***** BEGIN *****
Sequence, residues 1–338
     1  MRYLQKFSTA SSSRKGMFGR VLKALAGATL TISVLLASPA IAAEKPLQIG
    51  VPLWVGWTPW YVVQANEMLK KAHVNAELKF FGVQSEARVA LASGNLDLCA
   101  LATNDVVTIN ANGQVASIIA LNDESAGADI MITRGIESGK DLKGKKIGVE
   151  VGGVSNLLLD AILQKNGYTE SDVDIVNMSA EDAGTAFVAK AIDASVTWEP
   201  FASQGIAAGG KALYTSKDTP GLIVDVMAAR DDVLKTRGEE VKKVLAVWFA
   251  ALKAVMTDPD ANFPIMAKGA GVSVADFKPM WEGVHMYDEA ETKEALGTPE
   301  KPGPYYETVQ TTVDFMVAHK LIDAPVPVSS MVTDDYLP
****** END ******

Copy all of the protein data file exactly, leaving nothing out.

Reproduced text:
Sequence, residues 1–338
     1  MRYLQKFSTA SSSRKGMFGR VLKALAGATL TISVLLASPA IAAEKPLQIG
    51  VPLWVGWTPW YVVQANEMLK KAHVNAELKF FGVQSEARVA LASGNLDLCA
   101  LATNDVVTIN ANGQVASIIA LNDESAGADI MITRGIESGK DLKGKKIGVE
   151  VGGVSNLLLD AILQKNGYTE SDVDIVNMSA EDAGTAFVAK AIDASVTWEP
   201  FASQGIAAGG KALYTSKDTP GLIVDVMAAR DDVLKTRGEE VKKVLAVWFA
   251  ALKAVMTDPD ANFPIMAKGA GVSVADFKPM WEGVHMYDEA ETKEALGTPE
   301  KPGPYYETVQ TTVDFMVAHK LIDAPVPVSS MVTDDYLP